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Why the Bank of Ghana took over Unibank

BY: Kweku Zurek
Why the Bank of Ghana took over Unibank
Why the Bank of Ghana took over Unibank

The Bank of Ghana has outlined five reasons why it became necessary for it to appoint an Official Administrator for Unibank.

According to a statement issued by the Bank of Ghana Secretary's Department, Unibank among other things refused to cooperate with the Bank of Ghana in the performance of its supervisory responsibilities, including deliberately concealing some liabilities from its balance sheet, and failing to submit documents and records for supervisory inspection.

The statement also revealed that Unibank conducted its credit administration in a manner that has jeopardized the interests of depositors and the financial sector as a whole.

It said efforts made by Bank of Ghana’s supervisory teams who visited the bank’s head office several times this month to obtain current information on the bank’s financial health, proved futile as the Unibank’s management failed to cooperate with the Bank of Ghana staff on site.

According to the Bank of Ghana, Unibank also suffered liquidity shortfalls and consistently breached its cash reserve requirement. As a result, UniBank has relied extensively on liquidity support (over GHS 2.2 billion) from the Bank of Ghana over the past two years to meet its recurring liabilities.

Unibank also failed to submit its monthly returns to the Bank of Ghana for January and February 2018.

Read the five major reasons why Unibank was taken over by the Bank of Ghana;

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The appointment of the Official Administrator has, therefore, become necessary due to the fact that uniBank has, among other things:

a) Persistently maintained a capital adequacy ratio (CAR) below zero (currently negative 24%), making it technically insolvent. This contravenes section 29 of Act 930 which requires a minimum CAR of 10% to be maintained at all times.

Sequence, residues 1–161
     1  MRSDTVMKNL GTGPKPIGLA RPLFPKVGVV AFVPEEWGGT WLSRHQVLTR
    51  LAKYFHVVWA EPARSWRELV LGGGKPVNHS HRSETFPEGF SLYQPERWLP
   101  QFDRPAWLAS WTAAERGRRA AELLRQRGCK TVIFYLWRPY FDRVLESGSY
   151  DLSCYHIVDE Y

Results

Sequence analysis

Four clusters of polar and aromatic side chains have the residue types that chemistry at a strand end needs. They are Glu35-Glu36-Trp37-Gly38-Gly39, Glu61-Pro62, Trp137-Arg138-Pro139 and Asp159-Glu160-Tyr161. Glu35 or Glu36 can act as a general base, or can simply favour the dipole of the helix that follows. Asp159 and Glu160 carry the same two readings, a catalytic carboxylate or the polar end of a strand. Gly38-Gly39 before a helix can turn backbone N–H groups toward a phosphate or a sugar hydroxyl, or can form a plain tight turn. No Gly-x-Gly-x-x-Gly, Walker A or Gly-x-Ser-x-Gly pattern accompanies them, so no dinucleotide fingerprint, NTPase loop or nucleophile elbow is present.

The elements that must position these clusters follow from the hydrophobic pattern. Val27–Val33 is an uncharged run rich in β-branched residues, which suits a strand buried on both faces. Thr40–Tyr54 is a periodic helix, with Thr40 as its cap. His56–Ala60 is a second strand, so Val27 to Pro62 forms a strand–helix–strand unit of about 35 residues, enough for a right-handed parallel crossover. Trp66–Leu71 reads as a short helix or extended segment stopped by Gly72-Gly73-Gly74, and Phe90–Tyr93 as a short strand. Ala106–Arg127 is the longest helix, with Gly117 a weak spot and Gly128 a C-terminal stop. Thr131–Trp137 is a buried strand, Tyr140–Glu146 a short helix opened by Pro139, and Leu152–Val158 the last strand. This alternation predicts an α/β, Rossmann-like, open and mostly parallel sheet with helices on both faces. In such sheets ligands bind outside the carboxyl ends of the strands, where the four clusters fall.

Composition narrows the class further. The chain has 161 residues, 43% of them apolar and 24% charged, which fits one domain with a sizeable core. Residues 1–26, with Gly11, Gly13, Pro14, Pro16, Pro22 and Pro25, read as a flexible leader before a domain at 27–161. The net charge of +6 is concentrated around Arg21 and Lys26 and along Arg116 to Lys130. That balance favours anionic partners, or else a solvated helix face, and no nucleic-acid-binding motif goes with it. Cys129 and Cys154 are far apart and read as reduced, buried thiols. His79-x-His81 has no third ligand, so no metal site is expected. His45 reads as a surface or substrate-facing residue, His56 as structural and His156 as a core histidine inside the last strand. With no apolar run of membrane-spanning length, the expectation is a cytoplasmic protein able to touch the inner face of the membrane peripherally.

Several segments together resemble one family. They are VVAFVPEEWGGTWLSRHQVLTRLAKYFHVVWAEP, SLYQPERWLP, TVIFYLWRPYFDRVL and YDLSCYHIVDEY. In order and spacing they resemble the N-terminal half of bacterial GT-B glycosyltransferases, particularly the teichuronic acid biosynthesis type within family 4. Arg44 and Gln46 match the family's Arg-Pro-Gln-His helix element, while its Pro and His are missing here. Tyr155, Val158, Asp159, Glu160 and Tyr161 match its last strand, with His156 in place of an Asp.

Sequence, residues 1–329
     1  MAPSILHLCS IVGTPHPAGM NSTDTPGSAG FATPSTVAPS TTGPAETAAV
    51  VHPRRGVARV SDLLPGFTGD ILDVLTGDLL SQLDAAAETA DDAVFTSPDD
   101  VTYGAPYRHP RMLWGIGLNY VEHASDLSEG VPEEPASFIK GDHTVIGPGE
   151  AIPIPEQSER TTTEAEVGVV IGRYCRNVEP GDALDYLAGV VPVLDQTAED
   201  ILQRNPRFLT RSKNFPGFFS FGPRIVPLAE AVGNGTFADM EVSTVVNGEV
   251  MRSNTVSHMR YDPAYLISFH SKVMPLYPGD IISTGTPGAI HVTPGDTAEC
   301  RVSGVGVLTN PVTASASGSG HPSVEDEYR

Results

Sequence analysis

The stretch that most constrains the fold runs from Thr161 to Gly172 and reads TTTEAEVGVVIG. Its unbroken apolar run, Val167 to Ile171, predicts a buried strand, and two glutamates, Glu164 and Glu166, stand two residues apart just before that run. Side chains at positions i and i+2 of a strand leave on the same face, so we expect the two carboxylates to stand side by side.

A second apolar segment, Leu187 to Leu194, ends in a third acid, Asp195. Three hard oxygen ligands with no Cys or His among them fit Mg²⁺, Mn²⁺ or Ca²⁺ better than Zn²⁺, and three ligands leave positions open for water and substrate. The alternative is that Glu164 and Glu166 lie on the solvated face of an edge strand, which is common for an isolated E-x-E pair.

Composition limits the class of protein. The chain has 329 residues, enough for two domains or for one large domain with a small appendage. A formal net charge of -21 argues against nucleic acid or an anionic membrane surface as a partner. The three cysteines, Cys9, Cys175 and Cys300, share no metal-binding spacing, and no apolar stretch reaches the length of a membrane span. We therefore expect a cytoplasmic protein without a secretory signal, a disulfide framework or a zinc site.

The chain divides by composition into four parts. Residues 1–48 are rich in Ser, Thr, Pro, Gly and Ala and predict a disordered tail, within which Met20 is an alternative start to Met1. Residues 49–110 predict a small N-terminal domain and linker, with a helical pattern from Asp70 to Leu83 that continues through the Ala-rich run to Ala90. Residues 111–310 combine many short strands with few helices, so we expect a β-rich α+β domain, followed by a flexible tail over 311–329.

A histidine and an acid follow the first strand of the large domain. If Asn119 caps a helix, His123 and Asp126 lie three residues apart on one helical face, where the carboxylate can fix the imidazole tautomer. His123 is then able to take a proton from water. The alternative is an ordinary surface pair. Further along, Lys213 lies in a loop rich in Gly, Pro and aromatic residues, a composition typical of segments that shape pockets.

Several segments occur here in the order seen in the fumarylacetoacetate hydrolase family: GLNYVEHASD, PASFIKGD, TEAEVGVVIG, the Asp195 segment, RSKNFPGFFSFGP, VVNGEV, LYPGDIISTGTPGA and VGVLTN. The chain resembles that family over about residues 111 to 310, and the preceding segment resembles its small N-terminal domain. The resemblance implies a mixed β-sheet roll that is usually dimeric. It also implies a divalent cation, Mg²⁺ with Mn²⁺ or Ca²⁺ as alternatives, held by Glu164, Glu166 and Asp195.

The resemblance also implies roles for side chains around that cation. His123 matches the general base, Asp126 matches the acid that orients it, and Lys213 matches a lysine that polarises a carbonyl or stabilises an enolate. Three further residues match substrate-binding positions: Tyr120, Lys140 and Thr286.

b) Persistently suffered liquidity shortfalls and consistently breached its cash reserve requirement. As a result, UniBank has relied extensively on liquidity support (over GHS 2.2 billion) from the Bank of Ghana over the past two years to meet its recurring liabilities. Among other things, a key shareholder of the bank managed to obtain liquidity support from the Bank of Ghana using third-party banks as its agents. The Bank of Ghana’s exposure to the bank was therefore underestimated by nearly GHS 400 million, as this amount was not reflected in its books.

c) Conducted its credit administration in a manner that has jeopardized the interests of depositors and the financial sector as a whole.

d) Failed to comply with a directive of the Bank of Ghana dated 26th October, 2017 under section 105 of Act 930, prohibiting the bank from granting new loans and
incurring new capital expenditures.

e) Failed to comply with several other regulatory requirements, including:

 Lending to a number of borrowers in excess of its regulatory lending limit (single obligor limit) under section 62 of the Banks and SDIs Act, 2016 (Act 930);

 Borrowing from the inter-bank market without the written approval of the Bank of Ghana when its CAR was less than the prescribed ten percent (10%), in breach of section 66(1) of Act 930.

 Outsourcing a number of services such as those of tellers, receptionists, and security, to affiliate companies without the prior approval by the Bank of Ghana,
contrary to section 60 (12) of Act 930.

 Refusing to cooperate with the Bank of Ghana in the performance of its supervisory responsibilities, including deliberately concealing some liabilities from its balance sheet, and failing to submit documents and records for supervisory inspection.

 Poor corporate governance and risk management practices which rendered the bank vulnerable to macroeconomic shocks.

 Generally conducting its affairs in a manner detrimental to the interests of depositors and the financial system as a whole.

(Culled from the Bank of Ghana statement)